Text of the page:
701(6)
In Brief
707(1)
Guides for Prayer
707(4)
In Brief
710(1)
The Life of Prayer
711(15)
Expressions of Prayer
712(5)
Vocal Prayer
712(1)
Meditation
713(1)
Contemplative Prayer
714(2)
In Brief
716(1)
The Battle of Prayer
717(6)
Objections to Prayer
717(2)
Humble Vigilance of Heart
719(1)
Filial Trust
720(2)
Persevering in Love
722(1)
The Prayer of the Hour of Jesus
723(3)
In Brief
725(1)
Section Two: The Lord's Prayer: ``Our Father!''
726(31)
``The Summary of the Whole Gospel''
727(4)
At the Center of the Scriptures
727(1)
``The Lord's Prayer''
728(1)
The Prayer of the Church
728(2)
In Brief
730(1)
``Our Father Who Art in Heaven''
731(7)
``We Dare to Say''
731(1)
``Father!''
731(3)
``Our'' Father
734(2)
``Who Art in Heaven''
736(1)
In Brief
737(1)
The Seven Petitions
738(16)
``Hallowed Be Thy Name''
739(3)
``Thy Kingdom Come''
742(1)
``Thy Will Be Done on Earth as It Is in Heaven''
743(2)
``Give Us This Day Our Daily Bread''
745(3)
``And Forgive Us Our Trespasses, as We Forgive Those Who Trespass against Us''
748(3)
``And Lead Us Not into Temptation''
751(1)
``But Deliver Us from Evil''
752(2)
The Final Doxology
754(3)
In Brief
755(2)
Subject Index 757(66)
Abbreviations 823

Excerpts

Chapter One

Man's Capacity for God

I.The Desire for God

27 The desire for God is written in the human heart, because man is created by God and for God; and God never ceases to draw man to himself. Only in God will he find the truth and happiness he never stops searching for:

The dignity of man rests above all on the fact that he is called to communion with God. This invitation to converse with God is addressed to man as soon as he comes into being. For if man exists, it is because God has created him through love, and through love continues to hold him in existence. He cannot live fully according to truth unless he freely acknowledges that love and entrusts himself to his creator.1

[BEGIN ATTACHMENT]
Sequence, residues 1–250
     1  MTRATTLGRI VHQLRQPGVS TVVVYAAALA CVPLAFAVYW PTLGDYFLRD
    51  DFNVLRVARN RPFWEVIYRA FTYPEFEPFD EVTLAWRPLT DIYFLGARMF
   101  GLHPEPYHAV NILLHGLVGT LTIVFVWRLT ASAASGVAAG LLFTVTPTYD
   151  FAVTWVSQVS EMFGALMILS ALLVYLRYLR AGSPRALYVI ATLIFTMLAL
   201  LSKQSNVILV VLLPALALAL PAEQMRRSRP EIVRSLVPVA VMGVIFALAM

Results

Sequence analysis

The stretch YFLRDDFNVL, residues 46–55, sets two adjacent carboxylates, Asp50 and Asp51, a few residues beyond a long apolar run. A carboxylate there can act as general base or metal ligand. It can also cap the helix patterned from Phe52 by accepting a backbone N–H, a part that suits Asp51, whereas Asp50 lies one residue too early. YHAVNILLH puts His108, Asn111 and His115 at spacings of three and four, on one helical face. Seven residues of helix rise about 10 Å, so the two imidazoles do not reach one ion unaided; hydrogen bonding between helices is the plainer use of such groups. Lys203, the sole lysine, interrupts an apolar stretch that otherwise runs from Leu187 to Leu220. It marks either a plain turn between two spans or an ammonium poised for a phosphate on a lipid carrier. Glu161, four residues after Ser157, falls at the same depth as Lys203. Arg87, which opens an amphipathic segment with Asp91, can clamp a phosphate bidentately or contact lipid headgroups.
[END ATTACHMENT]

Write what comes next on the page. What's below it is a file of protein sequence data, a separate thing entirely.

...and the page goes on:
28 In many ways, throughout history down to the present day, men have given expression to their quest for God in their religious beliefs and behavior: in their prayers, sacrifices, rituals, meditations, and so forth. These forms of religious expression, despite the ambiguities they often bring with them, are so universal that one may well call man a religious being:

From one ancestor [God] made all nations to inhabit the whole earth, and he allotted the times of their existence and the boundaries of the places where they would live, so that they would search for God and perhaps grope for him and find him--though indeed he is not far from each one of us.

For "in him we live and move and have our being."

29 But this "intimate and vital bond of man to God" (GS 19,1) can be forgotten, overlooked, or even explicitly rejected by man. Such attitudes can have different causes: revolt against evil in the world; religious ignorance or indifference; the cares and riches of this world; the scandal of bad example on the part of believers; currents of thought hostile to religion; finally, that attitude of sinful man which makes him hide from God out of fear and flee his call.

30 "Let the hearts of those who seek the Lord rejoice." Although man can forget God or reject him, He never ceases to call every man to seek him, so as to find life and happiness. But this search for God demands of man every effort of intellect, a sound will, "an upright heart," as well as the witness of others who teach him to seek God.

You are great, O Lord, and greatly to be praised: great is your power and your wisdom is without measure. And man, so small a part of your creation, wants to praise you: this man, though clothed with mortality and bearing the evidence of sin and the proof that you withstand the proud. Despite everything, man, though but a small a part of your creation, wants to praise you. You yourself encourage him to delight in your praise, for you have made us for yourself, and our heart is restless until it rests in you.

II.Ways of Coming to Know God